Education Quandary

'Should we move to get our child into a good primary school? We don't really want the upheaval, so how can we find out whether it is really worth doing?'
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Hilary's Advice

Many families are doing just that. In fact, in some areas, being in a good school catchment district can add up to 10 per cent on the price of a house. Of course, the more it happens, the more it's going to happen: this sort of movement inevitably increases the social apartheid between schools, making increasing numbers of parents feel that they have to move. But it is not something to be considered lightly, especially if you are settled where you are.

Look very carefully at the school for which you would be moving. Exactly how good is it? Don't rely on gossip. Visit it, ask pointed questions about its intake, its test results, and, particularly, the value that it adds to its pupils' achievements between the time that they join the school and the time that they leave (any school can do well with good pupils). Consider whether the children seem happy and engaged. Imagine your children at this school. How much happier and more successful do you think they'll be as a result of going there? Also, find out which secondary schools pupils there tend to move on to.

Then visit your local schools, the ones that you will be moving to avoid, and follow exactly the same procedure - you may find that they are not at all what you have been led to believe. In addition, find out about any changes in the pipeline. A school whose outstanding head moves on can quickly slide back into being mediocre, while a failing school that gets an injection of enthusiastic new teachers and money to improve its buildings can fast become a local favourite.

Balance up your whole family's needs - in both the short and the long term. Will what you lose now, if you make the move, be worth it for what you feel you are going to gain? And don't forget to factor into this equation both the financial costs of moving (especially into a pricier area), and the priceless peace of mind that will be yours if you are confident that your children are happy at school.

If you decide to move, be sure of your facts. Popular schools measure catchment boundaries in yards, and fill up fast. If you move into the wrong street, or into the right one but too late for a place, the whole exercise will have been pointless.

Readers' Advice

In what way are your local schools not good? I applied to a "very good" primary school and was rejected, so my children (now teenagers) went to a primary with socio-economic difficulties, but I committed myself to the school, became a governor, helped the PTA, befriended other parents, etc. My children achieved academically, and have continued to do so, and matured and developed socially -it was a happy, productive time in their lives. Support your local school, and your children will benefit in the long run.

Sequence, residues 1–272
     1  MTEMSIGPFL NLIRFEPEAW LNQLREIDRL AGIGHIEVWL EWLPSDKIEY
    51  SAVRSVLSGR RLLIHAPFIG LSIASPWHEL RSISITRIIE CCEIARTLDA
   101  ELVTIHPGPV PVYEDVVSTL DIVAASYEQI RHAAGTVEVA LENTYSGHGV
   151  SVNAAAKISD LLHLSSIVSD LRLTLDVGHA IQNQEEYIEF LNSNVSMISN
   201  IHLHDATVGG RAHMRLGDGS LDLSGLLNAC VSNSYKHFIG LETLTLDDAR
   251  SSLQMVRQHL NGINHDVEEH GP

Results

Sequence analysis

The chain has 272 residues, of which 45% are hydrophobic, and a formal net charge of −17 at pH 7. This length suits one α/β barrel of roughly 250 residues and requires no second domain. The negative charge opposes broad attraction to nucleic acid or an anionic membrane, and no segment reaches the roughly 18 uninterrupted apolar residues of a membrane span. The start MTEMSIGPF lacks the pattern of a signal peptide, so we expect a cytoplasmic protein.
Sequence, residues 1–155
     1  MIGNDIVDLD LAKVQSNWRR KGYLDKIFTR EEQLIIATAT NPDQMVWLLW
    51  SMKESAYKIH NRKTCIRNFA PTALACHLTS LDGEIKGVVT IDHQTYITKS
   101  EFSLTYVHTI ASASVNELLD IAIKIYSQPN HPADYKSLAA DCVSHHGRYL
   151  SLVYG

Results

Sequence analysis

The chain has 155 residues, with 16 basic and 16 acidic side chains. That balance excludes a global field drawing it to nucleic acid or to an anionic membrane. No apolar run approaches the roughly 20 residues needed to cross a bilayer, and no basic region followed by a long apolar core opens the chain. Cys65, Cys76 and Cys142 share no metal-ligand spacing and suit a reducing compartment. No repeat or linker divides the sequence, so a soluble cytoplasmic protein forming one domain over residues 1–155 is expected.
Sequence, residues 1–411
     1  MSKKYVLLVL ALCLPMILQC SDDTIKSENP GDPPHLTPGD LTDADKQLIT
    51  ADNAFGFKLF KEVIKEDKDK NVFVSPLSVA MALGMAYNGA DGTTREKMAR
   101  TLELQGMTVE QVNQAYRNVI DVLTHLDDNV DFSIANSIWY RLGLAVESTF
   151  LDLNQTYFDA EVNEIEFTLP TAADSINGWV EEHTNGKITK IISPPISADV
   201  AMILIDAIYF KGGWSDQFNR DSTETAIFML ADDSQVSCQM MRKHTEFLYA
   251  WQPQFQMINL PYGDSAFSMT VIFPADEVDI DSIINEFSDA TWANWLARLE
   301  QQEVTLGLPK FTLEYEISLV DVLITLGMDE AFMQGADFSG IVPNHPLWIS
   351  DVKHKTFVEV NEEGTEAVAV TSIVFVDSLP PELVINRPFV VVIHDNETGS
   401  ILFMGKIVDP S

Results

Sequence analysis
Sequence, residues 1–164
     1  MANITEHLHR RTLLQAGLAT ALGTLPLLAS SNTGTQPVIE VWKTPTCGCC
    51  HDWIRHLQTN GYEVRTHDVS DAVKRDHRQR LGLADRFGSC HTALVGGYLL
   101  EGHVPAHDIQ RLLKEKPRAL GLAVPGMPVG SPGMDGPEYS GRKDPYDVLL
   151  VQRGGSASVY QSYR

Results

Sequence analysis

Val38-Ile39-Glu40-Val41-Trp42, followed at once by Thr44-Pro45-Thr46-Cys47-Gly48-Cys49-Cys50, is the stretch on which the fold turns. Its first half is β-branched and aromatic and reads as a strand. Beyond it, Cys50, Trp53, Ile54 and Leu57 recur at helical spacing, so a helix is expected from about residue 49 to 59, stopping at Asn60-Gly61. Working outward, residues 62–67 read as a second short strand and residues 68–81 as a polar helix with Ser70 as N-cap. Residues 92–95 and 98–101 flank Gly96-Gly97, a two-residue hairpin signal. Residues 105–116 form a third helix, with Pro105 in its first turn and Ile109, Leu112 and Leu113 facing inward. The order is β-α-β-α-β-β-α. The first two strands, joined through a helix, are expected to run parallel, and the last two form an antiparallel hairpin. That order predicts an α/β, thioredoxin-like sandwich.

Patricia Doyle, Bath

We didn't move for a school. We wanted to support the local school, and thought that it would be good for our children to have a mixed group of friends. However, the school had so many social problems that standards were low, and our children became frustrated and disengaged. They used up a lot of energy trying to fit into a culture that wasn't really their own. If we could do it again, we'd move. The price is too high not to.

Melody Eversedge, London

Parents need to realise that the school their children go to doesn't matter nearly as much as what they get at home. If parents back up a school by reading to their children, encouraging them to learn and try new things, and telling them how much education matters, their children will do well. Primary-school heads despair about the way parents wind each other up about good and bad schools, when often their information is erroneous, and little more than hearsay.

Veronica Gaines, Hertfordshire

Next quandary

'Our son is starting to look at possible universities, but is already discounting his first choices because "only one applicant in 10..." or "one in 17..." gets in. He says that there is no point in applying to popular universities, and that he will only apply to where he has a hope of getting in. Isn't this defeatist? We think that he is just scared of rejection.'

Send your letters or quandaries to Hilary Wilce, to reach her by next Monday, 8 March, at The Independent, Education Desk, Second Floor, Independent House, 191 Marsh Wall, London E14 9RS; or fax 020-7005 2143; or send e-mails to Please include details of your postal address. Readers whose letters are printed will receive a Berol Combi Pack containing a cartridge pen, handwriting pen and ink eraser